A mix of titles currently on my shelves.

Friday, November 26, 2010

Fatty Legs: A True Story

Great title, eh? As soon as I saw it, I wanted to know more. When I read this memoir by Canadians Christy Jordan-Fenton and her mother-in-law Margaret Pokiak-Fenton, I wasn’t disappointed.

In 1944, Olemaun Pokiak (Margaret) was a strong-minded Inuvialuit girl who really wanted to learn to read. Because she lived in a small village in the Canadian Arctic, that meant she had to leave home to go to boarding school.

Despite warnings from her older sister, who had recently returned from school, Olemaun badgered her father to let her go. Finally he relented. The trip to Aklavik took five days by schooner. At the age of eight, she said goodbye to her parents and family, expecting to be reunited – and literate -- within the year.

What follows is an account of the price Olemaun paid for learning to read, which she considered the “greatest of the outsiders’ mysteries.” As one year stretched into two, she endured hard labors, punishments, and both cultural and personal humiliation at the hands of The Raven. This nun singled out Olemaun for extra doses of punitive “education,” epitomized by the awful red stockings Olemaun alone was forced to wear. Those ugly stockings earned her the nickname “Fatty Legs.”

Pokiak-Fenton’s true story reminds me of Roald Dahl’s fictional Matilda – except Olemaun’s situation was all too true to be humorous. Olemaun’s torments were committed not only against her but against the Inuvialuit culture that nurtured her spirit. Fortunately, two things saved Olemaun: her determination and The Swan, a kind nun who counteracted some of The Raven’s worst abuses.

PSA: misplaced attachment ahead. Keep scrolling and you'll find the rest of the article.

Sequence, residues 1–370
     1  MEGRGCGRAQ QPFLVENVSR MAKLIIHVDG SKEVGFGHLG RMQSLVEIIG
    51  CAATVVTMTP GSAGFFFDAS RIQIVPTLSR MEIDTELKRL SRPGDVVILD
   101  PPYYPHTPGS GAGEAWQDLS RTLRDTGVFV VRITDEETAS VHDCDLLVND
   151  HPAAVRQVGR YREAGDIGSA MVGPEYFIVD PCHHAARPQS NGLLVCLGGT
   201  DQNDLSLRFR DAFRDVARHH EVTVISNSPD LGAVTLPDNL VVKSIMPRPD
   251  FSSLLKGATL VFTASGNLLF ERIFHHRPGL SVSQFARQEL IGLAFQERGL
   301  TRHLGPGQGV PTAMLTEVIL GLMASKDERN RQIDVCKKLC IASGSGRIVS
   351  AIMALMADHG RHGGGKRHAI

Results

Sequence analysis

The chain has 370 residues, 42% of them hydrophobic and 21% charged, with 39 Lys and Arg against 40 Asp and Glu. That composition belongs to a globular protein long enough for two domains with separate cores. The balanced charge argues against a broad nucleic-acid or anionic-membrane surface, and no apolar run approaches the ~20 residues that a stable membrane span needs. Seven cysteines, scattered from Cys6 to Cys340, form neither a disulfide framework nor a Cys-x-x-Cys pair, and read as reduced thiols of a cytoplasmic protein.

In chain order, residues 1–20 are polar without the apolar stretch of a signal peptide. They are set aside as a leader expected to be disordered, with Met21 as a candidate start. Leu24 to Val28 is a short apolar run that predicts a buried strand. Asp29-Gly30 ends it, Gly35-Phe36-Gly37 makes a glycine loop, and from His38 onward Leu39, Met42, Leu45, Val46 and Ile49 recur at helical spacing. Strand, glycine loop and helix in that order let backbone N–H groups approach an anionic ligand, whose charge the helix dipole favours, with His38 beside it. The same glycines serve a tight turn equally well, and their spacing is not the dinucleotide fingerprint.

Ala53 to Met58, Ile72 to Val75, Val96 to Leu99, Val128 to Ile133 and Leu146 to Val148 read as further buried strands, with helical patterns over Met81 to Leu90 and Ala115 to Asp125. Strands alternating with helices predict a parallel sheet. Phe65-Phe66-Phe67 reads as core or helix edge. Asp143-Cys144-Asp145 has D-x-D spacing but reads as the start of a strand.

The power of literacy comes through loud and clear in this story. Through Olemaun's quest to learn to read, we see the indignities, small and large, that accompany the disadvantage of illiteracy. Imagine, for one, mistakenly purchasing – and trying to brush your teeth with – the contents of a tube of shaving cream that looked like toothpaste.

In 104 pages, this first-hand account conveys directly and uniquely what it felt like to be an indigenous child at boarding school, powerless at the hands of adults from the dominant culture. The telling is thoughtful, spirited, and frequently eloquent. Evocative illustrations by Liz Amini-Holmes enhance the chapters, while the black-and-white photographs from "Olemaun's Scrapbook" convey a strong sense of era and setting.

On this Thanksgiving holiday weekend, I’m thankful that Olemaun Pokiak did indeed learn to read and found a way, with Christy Jordan-Fenton, to tell her story. Thank you for reminding us that “A wren can be just as clever as a raven.”

Published by Annick Press.
Kirkus, starred review, Nov. 14, 2010.
Fatty Legs book trailer here.

Sunday, November 21, 2010

Tough Topics

I had a sad task this week. I had to look for good children’s books about death.

Two students at my school, from two separate families, each lost a parent in unrelated, tragic accidents. These students, as well as their friends and classmates, will be asking -- or surely thinking about -- the kinds of simple, basic questions that can be most difficult to answer: What is death? Why does it have to happen? How do we cope with our feelings? What happens to our loved ones after death?

Adults struggle with these same questions. One-size-fits-all answers are hard to come by, all the more so, distilled into words and concepts a six-year-old can understand. It’s one thing to explain the death of a beloved pet, or an elderly grandparent, or even someone younger who has been seriously ill. But accidental deaths come without preparation or any sense of transition or notion of fitting within the natural cycle of all living beings.